"The mainstream belief is that bubbles are not possible, because if one were to form, each economic agent would rationally choose not to participate, i.e. they would anticipate that the bubble will eventually (unpredicably) burst. And yet bubbles happen..."

This belief has been proven false by Mandelbrot in 1966:
http://www.e-m-h.org/Mand66.pdf

Alternatively, on my blog:
http://fractalfinance.blogspot.com/2009/02/flapping-butterflies-dont-make.html

Tkk said...

Anonymous:

"... The mainstream belief is that bubbles are not possible ..."

Not correct. The mainstream belief, if one can use Mr Greenspan as representative of that mainstream, is it is useless, and certainly not the job of a central bank, to arrest the formation of a bubble. Bubbles can most certainly form, and have formed many times in recent past. Mr Greenspan belief is it is up to the private market to self-regulate and burst the bubble; it is up to the central bank to contain the damage once it has burst. But it is not the task of government, nor that of central bank, to 'manage' economic bubbles.

One of the key motivations of dynamical economics is to model the formation of bubbles, and to manage them. It is almost like managing nuclear fission.

Anonymous said...

Tkk,
You disagree with my thesis that mainstream economists don't believe in bubbles, and bring up Greenspan as an example. Perhaps I should have said "mainstream economists don't believe that you can detect bubbles". In Greenspan's recent testimony to Congress, he said that his large staff of of Ph.D.s were unable to forecast the decline in housing prices - i.e. they did not recognize that a bubble was being formed and would soon burst. He also made a statement to the effect that such forecasting is impossible, saying that if it were possible to forecast a housing decline, then arbitragers would jump in - the usual argument.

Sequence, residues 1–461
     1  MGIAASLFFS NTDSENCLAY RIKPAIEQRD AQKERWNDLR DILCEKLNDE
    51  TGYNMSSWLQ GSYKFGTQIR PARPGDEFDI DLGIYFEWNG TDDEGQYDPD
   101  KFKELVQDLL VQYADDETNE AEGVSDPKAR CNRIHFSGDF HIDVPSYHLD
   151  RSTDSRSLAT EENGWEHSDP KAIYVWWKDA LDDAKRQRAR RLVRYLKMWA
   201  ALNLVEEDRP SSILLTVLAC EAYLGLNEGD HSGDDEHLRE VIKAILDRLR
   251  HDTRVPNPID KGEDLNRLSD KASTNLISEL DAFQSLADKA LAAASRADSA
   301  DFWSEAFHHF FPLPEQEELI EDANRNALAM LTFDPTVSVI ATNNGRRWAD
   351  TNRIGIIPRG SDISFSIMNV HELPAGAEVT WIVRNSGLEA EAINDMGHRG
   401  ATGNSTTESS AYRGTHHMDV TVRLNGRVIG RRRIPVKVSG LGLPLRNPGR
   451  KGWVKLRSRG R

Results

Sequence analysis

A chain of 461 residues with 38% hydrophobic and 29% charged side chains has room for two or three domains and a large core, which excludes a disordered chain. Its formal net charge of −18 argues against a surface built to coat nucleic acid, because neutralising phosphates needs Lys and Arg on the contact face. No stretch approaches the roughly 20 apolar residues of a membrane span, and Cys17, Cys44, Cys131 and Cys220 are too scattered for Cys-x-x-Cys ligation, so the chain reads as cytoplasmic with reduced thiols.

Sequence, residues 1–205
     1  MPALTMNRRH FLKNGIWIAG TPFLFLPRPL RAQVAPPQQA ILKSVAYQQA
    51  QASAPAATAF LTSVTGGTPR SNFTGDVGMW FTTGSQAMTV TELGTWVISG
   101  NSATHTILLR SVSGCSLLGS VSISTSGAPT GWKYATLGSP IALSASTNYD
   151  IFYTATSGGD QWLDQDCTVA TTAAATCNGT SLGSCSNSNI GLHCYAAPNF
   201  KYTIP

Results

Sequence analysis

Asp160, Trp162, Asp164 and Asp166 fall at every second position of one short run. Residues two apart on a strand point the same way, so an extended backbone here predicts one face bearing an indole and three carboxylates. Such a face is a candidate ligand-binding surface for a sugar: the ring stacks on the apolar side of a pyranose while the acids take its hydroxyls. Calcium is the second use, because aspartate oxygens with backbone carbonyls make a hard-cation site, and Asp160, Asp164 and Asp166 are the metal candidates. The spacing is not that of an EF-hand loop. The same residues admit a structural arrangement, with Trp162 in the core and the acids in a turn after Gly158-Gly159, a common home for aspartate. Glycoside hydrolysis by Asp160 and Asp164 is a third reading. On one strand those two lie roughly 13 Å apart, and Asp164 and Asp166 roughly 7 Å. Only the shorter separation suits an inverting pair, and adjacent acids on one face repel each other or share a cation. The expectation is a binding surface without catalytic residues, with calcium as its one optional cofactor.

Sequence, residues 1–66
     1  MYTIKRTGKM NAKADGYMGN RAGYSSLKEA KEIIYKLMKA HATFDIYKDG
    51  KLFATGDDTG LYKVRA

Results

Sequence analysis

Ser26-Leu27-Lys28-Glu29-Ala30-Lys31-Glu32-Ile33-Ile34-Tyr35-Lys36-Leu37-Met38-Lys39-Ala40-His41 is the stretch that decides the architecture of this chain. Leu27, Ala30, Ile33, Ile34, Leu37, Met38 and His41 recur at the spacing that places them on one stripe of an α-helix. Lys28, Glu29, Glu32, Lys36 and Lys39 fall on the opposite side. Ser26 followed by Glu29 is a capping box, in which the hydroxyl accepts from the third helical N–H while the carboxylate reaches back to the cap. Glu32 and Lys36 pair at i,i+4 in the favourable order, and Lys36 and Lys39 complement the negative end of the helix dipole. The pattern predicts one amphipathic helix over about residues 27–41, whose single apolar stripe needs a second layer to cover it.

He also said that we probably need new approaches to modeling..

Here's the link:
http://oversight.house.gov/story.asp?ID=2261

Skip forward to about 140 minutes into the testimony, and also about 170 minutes into it.

Daniel de França MTd2 said...

Perhaps that Shows that Greenspan is a lier and doesn't care about anything except for his pockets. That is, all his career is made of spreading lies, numbers and promoting pseudo scientific theories to deceive people (even the rich and billionaires) into investing in whatever he thought he could drag into his pyramid scheme. People like him are the lowest scum of this planet, because not even by seeing his lack of morals, people believe on the crap they say. Madoff is an angel compared to the likes of Greenspan.

O'Grady said...

Who or what funds the Santa Fe institute? Who or What funded the PI conference?

Bee said...

Don't know why that is relevant but SFI is for all I know funded by private donations. PI is half funded by donations, half funded by the government.

Anonymous said...

Daniel,
"Perhaps that Shows that Greenspan is a lier and doesn't care about anything except for his pockets."

I can't believe that there was any maliciousness involved in this crisis. All the actors were simply doing their jobs with the tools at hand, and those tools have been found wanting.

The Wall street banks were exploiting an opportunity: they could create a lot of synthetic "AAA" securities out of subprime mortgages by the magic of traunching. The rating agencies were using generally accepted methodologies for rating those traunches using historical loss rates, which were low. The returns on those AAA traunches were higher than the returns on government bonds, creating huge demand, which triggered more origination of mortgages, which pushed up the price of houses, which caused default rates to go even lower (people who were in trouble could borrow on their rising equity to pay the interest), bringing us back to the beginning in a positive loop - in other words a bubble.